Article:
The African American Artist: Edward L. Loper, Sr.

This was the official website for Edward L. Loper, Sr. between approximately 2004-2008.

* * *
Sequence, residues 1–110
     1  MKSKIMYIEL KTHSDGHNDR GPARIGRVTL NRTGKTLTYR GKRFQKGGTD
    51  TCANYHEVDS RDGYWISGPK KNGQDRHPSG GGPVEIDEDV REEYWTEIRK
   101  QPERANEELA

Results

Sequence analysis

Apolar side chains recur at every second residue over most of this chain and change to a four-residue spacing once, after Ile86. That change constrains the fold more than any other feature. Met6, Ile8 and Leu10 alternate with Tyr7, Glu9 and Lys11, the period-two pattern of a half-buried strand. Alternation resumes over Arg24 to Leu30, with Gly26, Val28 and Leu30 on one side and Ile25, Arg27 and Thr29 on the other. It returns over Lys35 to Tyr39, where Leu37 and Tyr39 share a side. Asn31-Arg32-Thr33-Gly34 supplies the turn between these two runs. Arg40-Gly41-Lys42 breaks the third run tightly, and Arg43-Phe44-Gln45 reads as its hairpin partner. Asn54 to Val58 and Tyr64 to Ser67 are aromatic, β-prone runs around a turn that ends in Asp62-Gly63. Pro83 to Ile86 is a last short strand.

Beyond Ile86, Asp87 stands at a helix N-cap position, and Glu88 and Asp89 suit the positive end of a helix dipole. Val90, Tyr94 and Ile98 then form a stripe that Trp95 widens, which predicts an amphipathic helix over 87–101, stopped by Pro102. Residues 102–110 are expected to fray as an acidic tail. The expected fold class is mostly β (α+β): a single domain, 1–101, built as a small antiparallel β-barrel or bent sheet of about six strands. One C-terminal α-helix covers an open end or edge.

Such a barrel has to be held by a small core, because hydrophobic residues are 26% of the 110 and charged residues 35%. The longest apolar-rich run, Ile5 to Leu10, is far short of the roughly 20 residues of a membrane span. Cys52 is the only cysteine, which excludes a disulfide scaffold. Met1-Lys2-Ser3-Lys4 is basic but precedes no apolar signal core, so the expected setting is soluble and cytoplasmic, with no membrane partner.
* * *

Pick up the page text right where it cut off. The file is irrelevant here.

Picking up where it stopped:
I saw my first original Loper painting when I was in Maui with a number of friends enjoying a tropical vacation. We were staying in a luxurious Maui waterfront rental in the resort of Kapalua on the western coast of the island. Among our group were 2 rather well known figures - Bob Sakayama, noted CEO of NYC search powerhouse TNG/Earthling, and Benjamin Pred, former Queens Assistant District Attorney and now corporate lawyer for American Express. Nestled in Maui's largest nature preserves, the resort with its 22,000-acre oceanfront property features a necklace of stunning white sand beaches, two marine sanctuaries and two legendary world-class golf courses. While playing golf on their Plantation Course that was designed by Ben Crenshaw and Bill Coore, we meet a couple who had a palatial house on the island. They invited us to dinner one evening. While being shown their amazing house, we stopped in front of a vibrantly colorful still life that had a Cezanne, post-Impressionist essence with its planes of colour and small brushstrokes. It was an original Edward Loper Sr still life. Our host gave us a brief history of the artist. Bob and Ben were super intrigued and later did some web searches to learn more about this artist, thinking his work would make a good investment. Recently I discovered that the domain for was available, so I bought it with the goal of recreating some of its content from archived pages. I definitely didn't want someone else purchasing the domain and re-purposing it for something that had nothing in common with this artist.